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    Those who know and love 15-year-old Ryan Catlin are stepping up to help support his recovery less than two months since a life-changing accident.

    “Ever since then it's touched us the whole town has come through,” Catlin's great aunt, Diana Beaudoin, said.

    Beaudoin is blown away by the outpouring of support since the teen was paralyzed in an ATV accident in late July.

    Jodie Derwin, a family friend, jumped in to help organize a fundraiser to help with the family’s medical expenses. Catlin is still recovering at an Atlanta hospital, Derwin said his family will face even more expenses when they return home.

    "Not only does he need a cost for the everyday care, he's going to need his house addition built on because he's going to have a wheelchair that he needs five-foot radius to be able to move around," Derwin said.

    Derwin helped organize the pasta dinner for Catlin. Money from the ticket sales will go to the family, along with about $14,000 from raffle prize bids.

    "It's not an accident where you break your arm and you're going to be better in six to eight weeks this is a lifelong thing that's going to be for this family this is their life now," Derwin said.

    Beaudoin confident her great nephew will make a full recovery with the support that’s already pouring in.

    "Everybody's rooting for him because he's going to do it he is," Beaudoin said.



    Photo Credit: NBC Connecticut

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    The Federal Trade Commission announced it will launch an investigation into the details that led to 143 million stolen identities from an Equifax database.

    In Connecticut, U.S. Senator Richard Blumenthal proposed new legislation that emphasizes stronger security measures and would give consumers more rights regarding who gets access to their information.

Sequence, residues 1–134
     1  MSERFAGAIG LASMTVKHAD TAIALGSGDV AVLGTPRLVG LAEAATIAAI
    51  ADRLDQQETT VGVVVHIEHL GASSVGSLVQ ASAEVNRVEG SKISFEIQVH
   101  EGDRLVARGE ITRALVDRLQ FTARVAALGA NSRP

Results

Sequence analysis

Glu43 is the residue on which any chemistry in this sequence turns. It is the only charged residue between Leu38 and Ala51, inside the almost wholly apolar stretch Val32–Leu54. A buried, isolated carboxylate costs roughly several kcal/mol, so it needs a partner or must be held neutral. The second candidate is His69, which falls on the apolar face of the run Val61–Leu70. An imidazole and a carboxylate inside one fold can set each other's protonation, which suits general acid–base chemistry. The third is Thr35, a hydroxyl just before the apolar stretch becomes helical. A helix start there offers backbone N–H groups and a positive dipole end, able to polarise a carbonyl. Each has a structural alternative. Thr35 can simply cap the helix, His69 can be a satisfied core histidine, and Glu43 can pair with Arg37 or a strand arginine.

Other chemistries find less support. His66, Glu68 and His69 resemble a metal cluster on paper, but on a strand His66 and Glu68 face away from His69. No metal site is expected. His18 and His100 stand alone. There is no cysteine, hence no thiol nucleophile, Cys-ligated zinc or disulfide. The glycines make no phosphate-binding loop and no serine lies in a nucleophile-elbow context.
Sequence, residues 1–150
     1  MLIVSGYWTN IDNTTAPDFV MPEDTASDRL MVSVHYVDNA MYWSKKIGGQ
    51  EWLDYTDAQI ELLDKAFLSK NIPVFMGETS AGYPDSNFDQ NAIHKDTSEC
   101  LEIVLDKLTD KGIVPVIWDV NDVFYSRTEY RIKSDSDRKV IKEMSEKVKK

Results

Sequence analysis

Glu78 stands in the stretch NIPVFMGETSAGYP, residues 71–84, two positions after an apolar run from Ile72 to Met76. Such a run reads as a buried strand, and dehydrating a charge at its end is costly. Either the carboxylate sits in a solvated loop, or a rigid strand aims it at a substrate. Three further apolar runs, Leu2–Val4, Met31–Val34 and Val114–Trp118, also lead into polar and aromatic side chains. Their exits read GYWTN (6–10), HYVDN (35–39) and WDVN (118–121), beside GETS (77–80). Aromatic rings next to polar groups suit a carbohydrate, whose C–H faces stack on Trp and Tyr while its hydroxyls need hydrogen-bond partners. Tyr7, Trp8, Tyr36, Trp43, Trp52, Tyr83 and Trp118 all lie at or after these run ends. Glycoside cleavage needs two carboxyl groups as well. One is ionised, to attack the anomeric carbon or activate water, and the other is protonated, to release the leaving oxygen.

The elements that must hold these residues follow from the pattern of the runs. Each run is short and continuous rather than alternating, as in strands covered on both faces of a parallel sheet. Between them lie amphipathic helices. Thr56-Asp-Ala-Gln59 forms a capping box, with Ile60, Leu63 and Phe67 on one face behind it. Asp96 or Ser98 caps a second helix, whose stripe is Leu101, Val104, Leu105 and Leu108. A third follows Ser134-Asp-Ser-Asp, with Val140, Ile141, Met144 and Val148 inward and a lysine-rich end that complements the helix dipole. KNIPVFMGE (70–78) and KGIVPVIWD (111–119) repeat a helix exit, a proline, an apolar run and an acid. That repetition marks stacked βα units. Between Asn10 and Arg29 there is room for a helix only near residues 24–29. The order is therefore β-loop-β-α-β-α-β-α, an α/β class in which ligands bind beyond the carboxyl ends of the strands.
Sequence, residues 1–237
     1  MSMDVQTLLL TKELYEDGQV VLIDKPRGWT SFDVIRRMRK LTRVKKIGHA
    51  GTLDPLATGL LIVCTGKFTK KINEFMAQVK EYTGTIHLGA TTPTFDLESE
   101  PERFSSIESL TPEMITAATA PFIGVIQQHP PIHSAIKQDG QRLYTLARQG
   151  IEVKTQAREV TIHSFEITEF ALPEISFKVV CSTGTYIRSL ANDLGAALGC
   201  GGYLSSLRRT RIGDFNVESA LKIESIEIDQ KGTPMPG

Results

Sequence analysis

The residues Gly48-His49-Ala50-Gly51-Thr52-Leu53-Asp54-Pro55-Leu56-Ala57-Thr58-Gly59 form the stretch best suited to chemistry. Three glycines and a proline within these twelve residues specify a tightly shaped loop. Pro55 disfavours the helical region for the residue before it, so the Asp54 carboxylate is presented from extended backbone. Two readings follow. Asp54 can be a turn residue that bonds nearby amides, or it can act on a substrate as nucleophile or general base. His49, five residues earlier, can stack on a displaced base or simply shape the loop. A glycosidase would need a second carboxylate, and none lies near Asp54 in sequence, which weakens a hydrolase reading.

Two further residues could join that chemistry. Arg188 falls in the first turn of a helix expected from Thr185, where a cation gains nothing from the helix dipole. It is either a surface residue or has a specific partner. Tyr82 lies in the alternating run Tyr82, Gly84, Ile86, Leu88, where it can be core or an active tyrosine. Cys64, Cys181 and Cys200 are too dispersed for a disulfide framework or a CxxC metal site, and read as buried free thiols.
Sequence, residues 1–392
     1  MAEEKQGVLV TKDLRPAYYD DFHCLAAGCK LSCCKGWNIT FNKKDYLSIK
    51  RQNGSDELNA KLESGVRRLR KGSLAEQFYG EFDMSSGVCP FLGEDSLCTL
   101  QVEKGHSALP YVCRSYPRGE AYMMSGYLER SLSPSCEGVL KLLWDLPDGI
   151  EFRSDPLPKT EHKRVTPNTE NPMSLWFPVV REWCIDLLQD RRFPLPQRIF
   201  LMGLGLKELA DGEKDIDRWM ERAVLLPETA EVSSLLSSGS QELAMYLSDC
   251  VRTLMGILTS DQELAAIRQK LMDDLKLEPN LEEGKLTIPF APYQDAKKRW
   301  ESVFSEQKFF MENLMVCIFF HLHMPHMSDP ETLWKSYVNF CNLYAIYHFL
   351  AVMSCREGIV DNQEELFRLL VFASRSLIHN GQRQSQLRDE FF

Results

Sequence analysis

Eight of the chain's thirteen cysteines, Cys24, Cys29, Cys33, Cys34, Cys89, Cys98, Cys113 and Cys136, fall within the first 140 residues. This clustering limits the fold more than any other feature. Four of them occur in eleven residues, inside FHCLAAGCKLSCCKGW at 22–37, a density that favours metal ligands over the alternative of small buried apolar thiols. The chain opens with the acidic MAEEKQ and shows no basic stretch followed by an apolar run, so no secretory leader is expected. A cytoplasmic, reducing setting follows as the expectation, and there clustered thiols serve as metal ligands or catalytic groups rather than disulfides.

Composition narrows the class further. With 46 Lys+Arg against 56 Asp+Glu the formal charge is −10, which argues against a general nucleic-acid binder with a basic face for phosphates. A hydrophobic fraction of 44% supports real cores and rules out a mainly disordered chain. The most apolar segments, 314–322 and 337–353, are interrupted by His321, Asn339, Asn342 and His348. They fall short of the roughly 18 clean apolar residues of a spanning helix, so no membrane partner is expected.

Consumer options for the hack are simple: Set up fraud alerts or request a credit freeze. However several people have reported problems trying to do either, mostly due to the magnitude of this breach.

    Consumers who wish to freeze their credit need to call Equifax, Transunion and Experian. Reported problems include the bureaus being so inundated with calls that they are unable to process the request or the call drops.

    Also, in Connecticut, credit freezes come with fees. Experian and Transunion will each charge $10 for every freeze or removal of a freeze. Equifax will waive theirs.

    In a USA Today editorial, the company’s CEO Rick Smith wrote, “We are devoting extraordinary resources to make sure this kind of incident doesn’t happen again.”

    But for almost half of the US adult population, the damage is already done.

    “It needs to be a wakeup call,” cybersecurity analyst Theresa Payton told NBC News. “We’ve had repeatedly year after year had these wake up calls. And we hit the snooze button. There’s no more snooze buttons.”

    Experts recommend those who do not freeze their credit do, at the very least, initiate a fraud alert.

    Consumers only have to do so with one bureau, and it’s free. However, it does expire every 90 days.



    Photo Credit: Elise Amendola/AP (File)

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    President Donald Trump on Thursday signed a resolution passed by Congress condemning white supremacists, Neo-Nazis and other hate groups.

    "As Americans, we condemn the recent violence in Charlottesville and oppose hatred, bigotry, and racism in all forms," Trump said in a statement. "No matter the color of our skin or our ethnic heritage, we all live under the same laws, we all salute the same great flag, and we are all made by the same almighty God."

    The resolution, which Congress overwhelmingly approved this week, honors Heather Heyer, who was killed Aug. 12 when a car was driven into a group of counter-demonstrators protesting against a white nationalist rally in Charlottesville, Virginia.

    Trump was criticized for his response to that deadly act of violence, in which he condemned bigotry and violence "on many sides."



    Photo Credit: AP

    President Donald Trump calls out to the crowd as he arrives to enter his presidential viewing stand, Sunday, July 16, 2017, during the U.S. Women's Open Golf tournament at Trump National Golf Club in Bedminster, New Jersey.President Donald Trump calls out to the crowd as he arrives to enter his presidential viewing stand, Sunday, July 16, 2017, during the U.S. Women's Open Golf tournament at Trump National Golf Club in Bedminster, New Jersey.